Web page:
Skin cancer can develop in any part of the body, but most often it is developed on skin that is more exposed to the UV radiation. Skin cancer occurs to people of all skin tones. Read more about skin cancer here.
How is skin cancer staged?
Staging standardizes the process of describing how much the cancer has spread in the body. Staging of cancer helps the doctors figure out how much the cancer has spread and determine its best treatment and also helps calculate survival statistics. The lower the number of the stage, the less is the cancer has spread, with early stages being 1 and the most advanced stage being 4. The staging of skin cancer depends on the type of skin cancer and even the location of it too.
Types of skin cancer:
Skin cancers can be divided into two main categories, non melanomas and melanoma. The types of skin cancers are:
- Basal cell carcinoma
- Squamous cell carcinoma
The former two are together termed non melanomas. This articles covers the stages of non melanomas whereas the stages of melanoma and its treatment are discussed in detail in the further articles. Read more about types of skin cancer here.
Basal cell carcinoma:
Basal cell carcinoma is rarely staged as these are almost always cured before they spread to other parts of the body, however in the cases where it needs to be staged, TNM method of staging is used. The staging is different for other parts of the body and for eyelids as the size of the tumour differs in scale.
Squamous cell carcinoma:
Squamous cell carcinoma usually occurs in the head and the neck regions and is more likely to recur and also spread to other parts of the body when compared to the other types of skin cancers and hence the staging is important for this type.
Most cancers that have tumours are staged using a staging system called TNM system and the same is used for skin cancers. The size of the primary tumour (T), the presence of cancerous lymph nodes (N) and how far the skin cancer has spread to a different part of the body (M) can be described using the TNM system.
The stages are divided based on the size and extent of the cancer tumour in the primary location and the stages are Tis (T0) to T4.
In addition to the tumour staging, a prefix can be attached before the stage to show if the tumour has been staged clinically or pathologically (c for clinical and p for pathological).
The node describes whether the cancer has spread to the lymph nodes or not.
N0 stage: Shows that there are no lymph nodes containing cancer.
N1 stage: There is a presence of 1 to 3 cancerous lymph nodes.
N2 stage: 4 or more lymph nodes contain cancerous lymph nodes, which means that the cancer can further spread in the body.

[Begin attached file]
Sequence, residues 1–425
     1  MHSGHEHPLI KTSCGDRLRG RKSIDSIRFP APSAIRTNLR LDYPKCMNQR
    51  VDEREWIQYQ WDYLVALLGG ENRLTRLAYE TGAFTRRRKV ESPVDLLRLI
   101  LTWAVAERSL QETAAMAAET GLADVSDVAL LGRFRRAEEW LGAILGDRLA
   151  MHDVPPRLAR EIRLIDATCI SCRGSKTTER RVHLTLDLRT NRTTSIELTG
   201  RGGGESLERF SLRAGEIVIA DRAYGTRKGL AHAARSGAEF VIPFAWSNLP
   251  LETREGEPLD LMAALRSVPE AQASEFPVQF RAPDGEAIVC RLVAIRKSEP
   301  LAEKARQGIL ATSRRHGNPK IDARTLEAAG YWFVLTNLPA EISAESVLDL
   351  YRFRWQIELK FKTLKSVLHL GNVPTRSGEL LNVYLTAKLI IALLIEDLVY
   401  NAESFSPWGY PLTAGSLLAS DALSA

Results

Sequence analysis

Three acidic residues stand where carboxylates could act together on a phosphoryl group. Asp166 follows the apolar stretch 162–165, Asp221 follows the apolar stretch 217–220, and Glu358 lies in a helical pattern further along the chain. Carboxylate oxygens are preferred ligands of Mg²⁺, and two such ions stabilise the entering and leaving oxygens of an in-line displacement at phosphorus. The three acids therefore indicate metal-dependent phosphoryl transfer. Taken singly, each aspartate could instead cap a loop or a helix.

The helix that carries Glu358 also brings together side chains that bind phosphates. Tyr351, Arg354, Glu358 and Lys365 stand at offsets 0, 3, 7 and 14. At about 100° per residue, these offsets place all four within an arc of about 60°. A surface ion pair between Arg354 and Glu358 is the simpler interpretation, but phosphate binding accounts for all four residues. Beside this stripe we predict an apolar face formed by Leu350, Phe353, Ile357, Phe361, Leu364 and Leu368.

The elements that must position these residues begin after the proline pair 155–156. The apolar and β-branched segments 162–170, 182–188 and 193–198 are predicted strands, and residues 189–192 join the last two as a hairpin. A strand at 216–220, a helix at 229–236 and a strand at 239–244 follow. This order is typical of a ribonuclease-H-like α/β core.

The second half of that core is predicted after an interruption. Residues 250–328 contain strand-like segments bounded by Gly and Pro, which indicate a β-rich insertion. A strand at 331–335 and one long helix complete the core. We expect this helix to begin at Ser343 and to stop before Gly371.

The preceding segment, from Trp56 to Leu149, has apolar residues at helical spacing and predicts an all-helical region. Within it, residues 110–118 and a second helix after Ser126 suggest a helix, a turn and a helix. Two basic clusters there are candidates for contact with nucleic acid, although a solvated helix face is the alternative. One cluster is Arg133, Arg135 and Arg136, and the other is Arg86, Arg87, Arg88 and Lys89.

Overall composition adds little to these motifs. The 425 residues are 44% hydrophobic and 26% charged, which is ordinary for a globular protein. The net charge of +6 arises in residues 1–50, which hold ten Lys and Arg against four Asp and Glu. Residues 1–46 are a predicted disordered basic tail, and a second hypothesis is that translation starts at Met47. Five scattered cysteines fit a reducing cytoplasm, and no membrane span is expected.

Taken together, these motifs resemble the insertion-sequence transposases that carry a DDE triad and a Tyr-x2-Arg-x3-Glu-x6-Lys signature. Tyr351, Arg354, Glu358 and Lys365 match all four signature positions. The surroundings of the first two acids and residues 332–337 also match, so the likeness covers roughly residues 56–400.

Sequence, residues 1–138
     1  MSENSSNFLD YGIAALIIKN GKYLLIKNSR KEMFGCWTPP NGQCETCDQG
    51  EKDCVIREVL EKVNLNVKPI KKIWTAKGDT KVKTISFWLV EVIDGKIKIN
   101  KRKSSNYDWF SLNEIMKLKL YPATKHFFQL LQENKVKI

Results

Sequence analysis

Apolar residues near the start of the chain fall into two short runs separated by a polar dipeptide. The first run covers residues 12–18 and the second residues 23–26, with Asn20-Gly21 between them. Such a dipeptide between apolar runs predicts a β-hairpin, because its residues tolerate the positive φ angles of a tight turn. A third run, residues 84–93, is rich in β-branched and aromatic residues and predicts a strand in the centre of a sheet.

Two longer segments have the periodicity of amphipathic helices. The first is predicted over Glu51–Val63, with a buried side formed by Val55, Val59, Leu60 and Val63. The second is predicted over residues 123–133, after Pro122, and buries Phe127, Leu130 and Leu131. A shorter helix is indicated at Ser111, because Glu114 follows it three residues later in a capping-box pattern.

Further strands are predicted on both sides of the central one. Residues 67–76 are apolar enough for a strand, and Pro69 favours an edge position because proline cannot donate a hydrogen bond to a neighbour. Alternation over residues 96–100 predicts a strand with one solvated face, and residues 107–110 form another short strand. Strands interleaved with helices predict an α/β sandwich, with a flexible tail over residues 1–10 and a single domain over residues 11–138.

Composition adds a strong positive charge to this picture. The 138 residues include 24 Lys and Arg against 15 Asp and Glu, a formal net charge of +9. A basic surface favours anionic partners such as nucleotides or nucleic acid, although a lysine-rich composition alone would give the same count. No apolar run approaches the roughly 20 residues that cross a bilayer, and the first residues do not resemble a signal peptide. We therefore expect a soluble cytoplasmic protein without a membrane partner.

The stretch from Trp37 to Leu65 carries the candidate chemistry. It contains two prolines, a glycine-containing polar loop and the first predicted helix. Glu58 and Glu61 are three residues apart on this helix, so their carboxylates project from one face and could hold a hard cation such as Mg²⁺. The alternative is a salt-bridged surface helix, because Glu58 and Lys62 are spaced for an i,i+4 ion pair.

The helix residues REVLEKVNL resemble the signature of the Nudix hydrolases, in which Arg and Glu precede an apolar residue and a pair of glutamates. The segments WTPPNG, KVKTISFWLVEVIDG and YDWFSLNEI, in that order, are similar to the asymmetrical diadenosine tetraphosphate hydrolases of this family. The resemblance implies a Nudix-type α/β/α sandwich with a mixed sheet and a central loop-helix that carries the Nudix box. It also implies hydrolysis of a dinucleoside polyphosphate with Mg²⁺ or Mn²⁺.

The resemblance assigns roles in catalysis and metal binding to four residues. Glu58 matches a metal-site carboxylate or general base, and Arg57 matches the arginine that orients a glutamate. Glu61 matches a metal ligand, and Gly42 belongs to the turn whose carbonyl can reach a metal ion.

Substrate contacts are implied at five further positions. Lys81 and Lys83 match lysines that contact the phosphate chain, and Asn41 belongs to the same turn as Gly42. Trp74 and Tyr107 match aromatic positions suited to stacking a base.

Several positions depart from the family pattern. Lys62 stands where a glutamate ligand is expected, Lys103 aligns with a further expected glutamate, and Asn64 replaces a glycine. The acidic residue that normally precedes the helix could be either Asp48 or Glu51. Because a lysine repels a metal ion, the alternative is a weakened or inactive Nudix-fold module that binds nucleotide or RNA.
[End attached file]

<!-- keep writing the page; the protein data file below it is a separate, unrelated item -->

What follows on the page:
This gives information about the cancer spreading to other parts of the body.
M0 stage: The cancer has not spread to other distant parts of the body.
M1 stage: The cancer has spread to other body parts also.
High risk features:
Another important factor that is taken into consideration for staging non melanoma skin cancers is the risk features of the cancer and how many of those high risk features have appeared in the patient. These features indicate that the cancer is more likely to spread and faster. The following are the high risk factors of skin cancer:
- The cancer is more than 2 mm thick in diameter
- It has grown into the lower dermis
- It has grown into the space around a nerve
- It started to spread to the ear or lip
- The cells are poorly differentiated or undifferentiated when seen in a microscope
Clark and Breslow staging:
The stage of melanoma is also determined by how deeply the cancer has grown into the skin and if it has spread and there are two scales commonly used to describe how deep the melanoma has gone into the skin.
The Clark scale has five levels:
Level 1: The melanoma cells are only in the outer layer of the skin, the epidermis
Level 2: The cancer cells are directly beneath the epidermis in a layer called papillary dermis
Level 3: The cancer cells have spread through the papillary dermis to reticular dermis
Level 4: The melanoma cells have spread through the reticular or deep dermis
Level 5: The cancer has grown into the layer of subcutaneous fat
In the Breslow scale, the doctor measures the thickness of the melanoma using a micrometer and this is called the primary tumour thickness or Breslow thickness.
Stages of non melanomas:
Also called carcinoma in situ or Bowen’s disease, this stage can be considered precancerous. The cells affected by cancer are in the same location (in situ) and have not spread to through the tissue.
The cancer is 2 cm across or lesser and has one or no high risk features.
The cancer is 2 cm across and has two or more high risk features.
The cancer has grown into into the bones in the face, like the jaw bone or the bone around the eye or it has spread to a nearby lymph node than it less than 3 cm in size.
The cancer has spread into the spine, lower part of the skull or the ribs or it has spread to a lymph node more than 3 cm in size or to an internal organ such as the lungs.
The grade describes how closely the cancer cells resemble the normal cells of the skin when seen under a microscope. The scaling is from 1 to 3 in grading skin cancer:
Grade 1 (G1): The cancer cells look like the normal skin cells
Grade 2 (G2): The cells look somewhat in between grade 1 and grade 3
Grade 3 (G3): The cancer cells look abnormal and unlike the normal cells